carol lovekin 2 by janey stevens small formatToday I have the pleasure of introducing you to Carol Lovekin.

Carol was born in Warwickshire, educated at the equivalent of ‘St Trinians’ and after that picked it up as she went along. She has worked in retail, nursing, as a freelance journalist, a counsellor and in several other part-time occupations. She is retired and now works full-time as a writer.

Welcome Carol. First up, please tell us about your connection to Wales.
Wales has been my adopted home since 1979. My mother came from Northern Ireland and my father was Anglo-Irish. I describe myself as having Irish blood and a Welsh heart. You and I met recently, Christoph, at Tenby Book Fair when the splendid Judith Barrow introduced us.  12042689_10152946036737132_4575173976906203821_n

Oh yes, I remember that day very fondly. 🙂  Please tell us a little about yourself as writer.

Like most writers, writing has been what I’ve done all my life. The metaphorical drawers are filled with terrible novels and alarming poetry. My most oft quoted remark when asked this question is that I have ‘suffered from arrested development for far too long.’ It wasn’t until my late fifties that I decided to get a grip and begin writing fiction with a serious view to publication. I wrote and self-published a novel in 2008. I still love the story but as a physical book I know it is flawed.

Being inspired to write ‘Ghostbird’ was a massive turning point for me. Falling under the professional wing of my editor, Janet Thomas at Honno, the Welsh Women’s Press, was the beginning of the most rewarding period of my writing life. 12038176_10152946037597132_2632219336957045530_n

Why did you decide to write in your chosen genre?  

It chose me. I have never been keen on the concept of genre and have struggled with placing my own stories. I write about real life with a hint of magic along the edges. Because it was suggested several years ago that I wrote ‘magical realism’ I acquiesced. As I wrote ‘Ghostbird’ – which will be published by Honno in March 2016 – I discovered I was in fact writing a ghost story and decided the genre sat relatively well with me. For all I know, I’m writing my own versions of the fairytale. Genre can be subjective. Magical realism, the ghost story and the fairytale ask only that the reader suspend disbelief. Each explores elements of wondrous change. I like Matt Haig’s definition best. In his terrific book, The Humans, he says, “There is only one genre in fiction. The genre is called ‘book.’”

Tell us about the concept behind your book.
As a writer it is impossible to live in Wales and not be inspired by its landscape and legends. When I first read The Mabinogion and discovered The Myth of Blodeuwedd I was struck by the notion that to be turned into a bird was considered a curse. I’ve long had an affinity with birds and when I was a little girl, wanted be one. In my world, it’s the ultimate freedom. And thus the seed of ‘Ghostbird’ was sown. It’s also my attempt to reclaim Blodeuwedd as a strong woman. I’m partial to a feminist issue!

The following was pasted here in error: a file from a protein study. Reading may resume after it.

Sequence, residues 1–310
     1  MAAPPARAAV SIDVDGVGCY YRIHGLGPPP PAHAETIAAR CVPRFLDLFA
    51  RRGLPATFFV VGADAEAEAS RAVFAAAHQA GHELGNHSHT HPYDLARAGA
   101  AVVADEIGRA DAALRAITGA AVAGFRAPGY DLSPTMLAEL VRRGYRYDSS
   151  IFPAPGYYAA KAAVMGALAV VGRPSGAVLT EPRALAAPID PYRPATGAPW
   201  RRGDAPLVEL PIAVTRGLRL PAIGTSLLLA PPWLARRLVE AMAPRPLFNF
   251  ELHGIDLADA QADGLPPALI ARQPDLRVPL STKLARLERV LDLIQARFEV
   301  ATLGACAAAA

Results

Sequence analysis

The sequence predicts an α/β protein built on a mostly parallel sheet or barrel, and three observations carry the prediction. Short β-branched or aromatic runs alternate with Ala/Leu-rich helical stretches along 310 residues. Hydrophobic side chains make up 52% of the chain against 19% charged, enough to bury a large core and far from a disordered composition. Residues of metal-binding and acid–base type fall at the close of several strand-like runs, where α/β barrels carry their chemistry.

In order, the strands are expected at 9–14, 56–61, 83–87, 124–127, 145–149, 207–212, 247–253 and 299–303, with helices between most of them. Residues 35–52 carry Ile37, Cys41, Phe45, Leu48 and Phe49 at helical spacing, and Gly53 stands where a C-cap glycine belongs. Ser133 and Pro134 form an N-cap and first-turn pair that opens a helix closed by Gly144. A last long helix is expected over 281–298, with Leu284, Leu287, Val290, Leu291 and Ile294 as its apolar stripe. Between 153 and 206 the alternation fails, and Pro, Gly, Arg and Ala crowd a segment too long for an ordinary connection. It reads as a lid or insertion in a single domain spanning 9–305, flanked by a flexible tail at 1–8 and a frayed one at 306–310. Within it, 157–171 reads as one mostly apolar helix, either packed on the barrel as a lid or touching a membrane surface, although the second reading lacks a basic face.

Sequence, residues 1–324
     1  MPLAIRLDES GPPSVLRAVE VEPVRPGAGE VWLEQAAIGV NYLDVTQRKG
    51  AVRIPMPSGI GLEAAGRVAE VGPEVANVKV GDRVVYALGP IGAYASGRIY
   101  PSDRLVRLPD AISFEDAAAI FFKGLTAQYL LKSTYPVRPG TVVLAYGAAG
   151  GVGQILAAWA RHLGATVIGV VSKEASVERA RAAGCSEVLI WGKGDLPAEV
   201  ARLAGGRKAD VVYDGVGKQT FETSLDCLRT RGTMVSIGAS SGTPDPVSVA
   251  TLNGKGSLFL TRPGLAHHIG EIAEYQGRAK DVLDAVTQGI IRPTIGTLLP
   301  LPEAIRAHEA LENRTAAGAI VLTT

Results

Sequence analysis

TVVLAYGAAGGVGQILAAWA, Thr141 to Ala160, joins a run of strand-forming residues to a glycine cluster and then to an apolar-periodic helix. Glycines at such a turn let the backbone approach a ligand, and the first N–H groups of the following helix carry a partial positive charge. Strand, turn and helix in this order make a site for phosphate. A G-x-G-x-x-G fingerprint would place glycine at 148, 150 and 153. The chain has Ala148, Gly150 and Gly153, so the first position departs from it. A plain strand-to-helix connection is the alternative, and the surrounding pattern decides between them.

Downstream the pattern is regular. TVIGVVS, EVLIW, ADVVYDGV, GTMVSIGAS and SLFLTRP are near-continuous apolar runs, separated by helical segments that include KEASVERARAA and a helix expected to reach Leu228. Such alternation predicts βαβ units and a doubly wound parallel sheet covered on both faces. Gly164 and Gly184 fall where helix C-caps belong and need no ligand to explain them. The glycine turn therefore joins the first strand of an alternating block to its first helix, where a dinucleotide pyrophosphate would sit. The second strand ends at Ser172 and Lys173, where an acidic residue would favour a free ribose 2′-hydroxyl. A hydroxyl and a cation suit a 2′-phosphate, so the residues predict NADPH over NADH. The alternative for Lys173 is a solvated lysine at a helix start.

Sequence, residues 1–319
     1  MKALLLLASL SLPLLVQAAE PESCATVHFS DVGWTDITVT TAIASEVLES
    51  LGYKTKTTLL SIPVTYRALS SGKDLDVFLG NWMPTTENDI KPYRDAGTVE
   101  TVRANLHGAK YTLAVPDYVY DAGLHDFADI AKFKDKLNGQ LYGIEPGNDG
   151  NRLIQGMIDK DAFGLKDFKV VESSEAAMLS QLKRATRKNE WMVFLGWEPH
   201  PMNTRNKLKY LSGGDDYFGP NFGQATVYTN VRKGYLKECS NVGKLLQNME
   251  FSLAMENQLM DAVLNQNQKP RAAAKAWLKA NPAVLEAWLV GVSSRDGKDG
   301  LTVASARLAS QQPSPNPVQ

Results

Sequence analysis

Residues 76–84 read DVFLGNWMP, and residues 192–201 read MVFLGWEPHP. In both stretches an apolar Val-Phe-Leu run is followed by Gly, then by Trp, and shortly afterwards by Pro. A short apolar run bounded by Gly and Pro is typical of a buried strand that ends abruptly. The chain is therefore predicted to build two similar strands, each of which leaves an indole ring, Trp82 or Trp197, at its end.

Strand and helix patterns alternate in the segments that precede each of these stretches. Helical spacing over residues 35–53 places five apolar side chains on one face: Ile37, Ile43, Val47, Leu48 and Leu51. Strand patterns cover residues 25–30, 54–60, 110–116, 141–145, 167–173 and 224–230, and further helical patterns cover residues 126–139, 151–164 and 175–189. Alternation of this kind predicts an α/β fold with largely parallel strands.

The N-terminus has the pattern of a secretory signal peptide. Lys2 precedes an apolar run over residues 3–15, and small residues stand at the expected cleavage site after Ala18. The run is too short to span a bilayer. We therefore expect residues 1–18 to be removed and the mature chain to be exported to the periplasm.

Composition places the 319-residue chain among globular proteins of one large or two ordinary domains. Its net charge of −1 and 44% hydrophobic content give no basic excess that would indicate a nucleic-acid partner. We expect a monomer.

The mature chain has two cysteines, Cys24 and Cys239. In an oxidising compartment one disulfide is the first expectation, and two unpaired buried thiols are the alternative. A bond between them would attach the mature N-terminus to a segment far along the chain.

What is your life like outside of writing?
When I’m not writing, I’m reading. I also love to swim and go to my local pool twice a week. I walk a good deal and every Wednesday I attend the smallest writing group in Wales with my good friend Janey Stevens (who took the very flattering photograph of me!)

Which Welsh person would you like to invite for dinner and what would you serve?

Cerys Matthews. I’d be too star-struck to eat mind! I love her music and over the years have watched her mature into not only an accomplished solo performer but an intelligent, knowledgeable purveyor of all things musical, poetic and deliciously creative. She is a splendid DJ, interviewer and narrator; a superb ambassador for Wales.

Who is your favourite Welsh author?

A Child's Christmas in Wales
It would be disrespectful not to put Dylan Thomas at the top of the list. The man was a genius. I have a little ritual I enact every Christmas Eve: I read, A Child’s Christmas in Wales, out loud, to myself. I’m also an admirer of Alice Thomas Ellis. Her novel, Fairy Tale was given to me in 1997 and within its pages I discovered the Tylwyth Teg – the Welsh version of the Fae Folk – and learned to take them very seriously indeed.

What is the best thing about Wales?

Fairy Tale Alice Thomas Ellis
Mist draped mornings and a continuing sense of possibility.

What are you working on now?

My second book is a completed first draft. It’s another mixture of magic, mystery, birds, secrets (plus a rather curmudgeonly old woman…) I have a third book outlined and this one is most definitely another ghost story.

What are the best and the worst aspects of writing?

carol lovekin 2 by janey stevens small format
Mine are mostly ‘best’ aspects. Coming this late to publication and being validated as an author is a joy I never expected to experience. Affirmation has opened my creative heart and I have no time to waste! If there is a ‘worst’ aspect, it’s when life gets in the way of the writing.



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